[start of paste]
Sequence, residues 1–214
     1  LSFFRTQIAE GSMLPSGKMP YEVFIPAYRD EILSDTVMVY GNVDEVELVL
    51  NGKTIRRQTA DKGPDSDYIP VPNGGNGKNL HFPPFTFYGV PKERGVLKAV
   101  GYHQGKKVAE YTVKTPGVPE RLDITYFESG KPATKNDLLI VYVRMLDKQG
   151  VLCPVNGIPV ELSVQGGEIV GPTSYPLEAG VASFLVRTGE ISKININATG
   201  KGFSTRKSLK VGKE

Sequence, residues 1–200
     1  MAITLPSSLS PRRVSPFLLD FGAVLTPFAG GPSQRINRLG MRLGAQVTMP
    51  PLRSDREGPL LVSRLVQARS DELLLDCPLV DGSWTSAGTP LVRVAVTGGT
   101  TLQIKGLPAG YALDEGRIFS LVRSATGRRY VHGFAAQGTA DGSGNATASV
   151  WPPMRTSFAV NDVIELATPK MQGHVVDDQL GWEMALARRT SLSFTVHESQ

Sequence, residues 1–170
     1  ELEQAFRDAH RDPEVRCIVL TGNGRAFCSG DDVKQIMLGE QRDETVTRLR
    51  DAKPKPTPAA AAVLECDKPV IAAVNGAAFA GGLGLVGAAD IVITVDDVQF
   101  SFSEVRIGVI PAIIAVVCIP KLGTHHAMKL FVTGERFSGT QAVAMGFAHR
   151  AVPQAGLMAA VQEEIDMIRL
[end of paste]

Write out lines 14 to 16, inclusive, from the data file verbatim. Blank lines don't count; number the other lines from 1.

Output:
    51  DAKPKPTPAA AAVLECDKPV IAAVNGAAFA GGLGLVGAAD IVITVDDVQF
   101  SFSEVRIGVI PAIIAVVCIP KLGTHHAMKL FVTGERFSGT QAVAMGFAHR
   151  AVPQAGLMAA VQEEIDMIRL